Posts Tagged mystery

1:10 Wyatt’s Torch cont’d, “Desperate Measures”

PREVIOUSLY: Dagny launched a one-woman investigation into the history of the mysterious clean-energy motor. Hank had a fight with his wife that may have broken the camel’s back. The Bureau of Economic Planning drafted several bills that would effectively stifle the booming Colorado economy.

Yeah, I’m gonna have to go ahead and ask you a few questions.

Dags commences her investigation by meeting with Lawson, the former banker who now works for the Econ Bureau. She wants info on the condemned GM plant where she found the motor; he keeps throwing out irrelevant defenses of his piss-poor record as a banker. He did not know any of the R&D engineers at the plant but the company that ran it when he held the mortgage, the last company to run it before it went bankrupt, was Bain Capital Associated Services. The head of A.S. was named Hunsacker.

The Hunsacker Proxy

Dagny tracks Hunsacker down in Illinois, where he’s now living as a lowly boarder and drafting an autobiography about which no one will care. He’s even more of a lousy whiner than Lawson. He recalls that when he first tried to raise the funds to purchase GM he applied for a loan from Midas Mulligan, the world’s richest man and one notorious for his impeccable investment record. One can only assume he paid less in taxes than his secretary.

Anyway, Mulligan turned him away for having no collateral or prior achievements and he sued Mulligan by exploiting an anti-discrimination law that was intended to protect day laborers. One Judge Narragansett ruled against him, but a higher court reversed the decision. Shortly thereafter Mulligan disappeared mysteriously forever. A few months later Judge Narragansett did the same. But Hunsacker got his loan from Lawson in the end, which worked out real well until they both went bankrupt.

Yeah yeah whatever, did Hunsacker spend much time at the R&D lab? No, not really. The founder, Jed Starnes, who was a self-made man (obviously), he was quite the innovator. But when his heirs took over some kind of wackness went down at the plant and the research staff abandoned ship. Hunsacker didn’t feel the need to reinvest in that department. The Starnes heirs? Oh, they live low-profile in Lousiana now. That’s all the info Hunsacker’s got. Dagny bolts.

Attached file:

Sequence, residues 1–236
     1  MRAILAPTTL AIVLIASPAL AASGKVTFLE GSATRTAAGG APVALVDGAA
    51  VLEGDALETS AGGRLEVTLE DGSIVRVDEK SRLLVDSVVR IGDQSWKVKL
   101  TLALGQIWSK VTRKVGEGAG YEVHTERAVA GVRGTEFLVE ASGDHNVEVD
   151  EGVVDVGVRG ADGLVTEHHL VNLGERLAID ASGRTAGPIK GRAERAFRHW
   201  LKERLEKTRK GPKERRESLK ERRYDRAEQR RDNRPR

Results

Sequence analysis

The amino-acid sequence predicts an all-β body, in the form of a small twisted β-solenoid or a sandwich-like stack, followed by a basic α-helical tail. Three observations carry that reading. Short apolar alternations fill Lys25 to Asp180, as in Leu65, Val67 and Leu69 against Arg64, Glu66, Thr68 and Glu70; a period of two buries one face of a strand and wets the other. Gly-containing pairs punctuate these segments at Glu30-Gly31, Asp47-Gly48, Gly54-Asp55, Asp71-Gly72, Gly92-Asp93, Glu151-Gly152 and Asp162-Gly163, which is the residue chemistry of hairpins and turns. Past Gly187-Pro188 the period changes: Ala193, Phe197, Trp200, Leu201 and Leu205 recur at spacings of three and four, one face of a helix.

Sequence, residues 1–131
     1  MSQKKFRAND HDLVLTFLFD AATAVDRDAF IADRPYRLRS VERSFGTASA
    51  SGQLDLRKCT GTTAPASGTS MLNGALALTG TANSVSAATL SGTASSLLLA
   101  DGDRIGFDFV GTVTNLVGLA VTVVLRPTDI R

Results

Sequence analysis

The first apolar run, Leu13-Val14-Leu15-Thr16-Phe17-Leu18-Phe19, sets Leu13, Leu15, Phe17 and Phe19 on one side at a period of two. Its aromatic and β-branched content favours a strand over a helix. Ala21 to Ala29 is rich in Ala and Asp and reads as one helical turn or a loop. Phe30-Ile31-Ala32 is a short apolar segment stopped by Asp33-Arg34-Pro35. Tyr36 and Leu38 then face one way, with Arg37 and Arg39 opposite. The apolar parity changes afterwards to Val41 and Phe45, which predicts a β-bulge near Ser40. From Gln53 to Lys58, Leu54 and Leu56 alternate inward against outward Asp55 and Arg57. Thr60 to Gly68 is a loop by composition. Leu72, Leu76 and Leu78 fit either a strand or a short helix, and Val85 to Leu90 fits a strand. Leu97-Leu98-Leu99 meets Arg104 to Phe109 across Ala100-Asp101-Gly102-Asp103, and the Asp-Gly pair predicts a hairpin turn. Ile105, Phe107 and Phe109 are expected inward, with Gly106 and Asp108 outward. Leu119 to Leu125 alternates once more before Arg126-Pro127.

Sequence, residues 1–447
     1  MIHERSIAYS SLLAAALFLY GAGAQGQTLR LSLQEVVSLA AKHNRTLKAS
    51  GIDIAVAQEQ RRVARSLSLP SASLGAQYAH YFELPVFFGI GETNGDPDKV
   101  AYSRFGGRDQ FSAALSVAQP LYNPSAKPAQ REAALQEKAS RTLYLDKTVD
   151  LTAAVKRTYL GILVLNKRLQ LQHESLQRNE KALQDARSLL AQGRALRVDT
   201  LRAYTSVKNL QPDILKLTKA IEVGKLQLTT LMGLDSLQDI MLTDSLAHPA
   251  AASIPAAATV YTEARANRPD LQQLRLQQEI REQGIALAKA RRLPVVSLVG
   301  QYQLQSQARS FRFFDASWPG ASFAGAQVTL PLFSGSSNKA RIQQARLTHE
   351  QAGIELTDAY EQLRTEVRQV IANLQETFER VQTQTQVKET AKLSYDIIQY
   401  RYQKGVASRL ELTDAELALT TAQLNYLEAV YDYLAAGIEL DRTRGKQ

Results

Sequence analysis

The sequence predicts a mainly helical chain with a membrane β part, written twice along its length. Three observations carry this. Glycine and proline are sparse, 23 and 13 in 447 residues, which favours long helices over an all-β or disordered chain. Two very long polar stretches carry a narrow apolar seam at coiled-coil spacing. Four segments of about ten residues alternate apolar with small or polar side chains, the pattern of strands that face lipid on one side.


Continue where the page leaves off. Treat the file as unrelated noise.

Home of the Creole Miss Havisham

Deep in the bayou our heroine uncovers the next lead. One of the Starnes heirs is a bitter drunk; another killed himself several years back; the third, Ivy, lives in a decrepit old manse studying Hinduism and, I’m just going out on a limb here, smoking a metric ton of weed. Ivy Starnes explains that she and her brothers also neglected the research & development team. Their innovation as managers was to implement a Marxist payroll structure where checks were written “from each each according to his ability, to each according to his need.”

Basically everybody at the factory voted monthly as to who needed money the most and who worked the hardest. The hardest workers were expected to log overtime hours without pay to cover the neediest employees’ generous salaries. If the industrious didn’t meet the output expectations of the payroll votes, they were fined to make up the difference. Dagny is apalled. Probably because this makes absolutely no sense. Everyone knows that communist countries didn’t abide by democratic votes! Allegory fail.

But I guess that’s kind of besides the point, which Dagny gets because she’s trying to drag the conversation back towards the R&D staff. The only name Ivy’s ganja-addled brain can remember is William Hastings, chief engineer. She remembers him because he quit pretty much immediately after the commie pay scheme was enacted.

Travel by map!

Wyoming now, and Dags knocks on the door of Mrs. Hastings, who is the first dignified person she’s yet encountered in this little adventure. Unfortunately, Mr. Hastings passed away five years ago of a heart condition. But the widow Hastings remembers the last few years of his life quite well, and is happy to regale Dagny with the tale.

William ran R&D at GM for nearly two decades. Towards the end of his tenure he had a young assistant whom he constantly called a genius. The assistant had an idea for a revolutionary new motor, and Hastings helped him complete a prototype. But Jed Starnes died less than a month later and his hippie heirs with their naive ideals showed up to implement  socialist theories of compensation, and so Hastings quit and refused to take another job.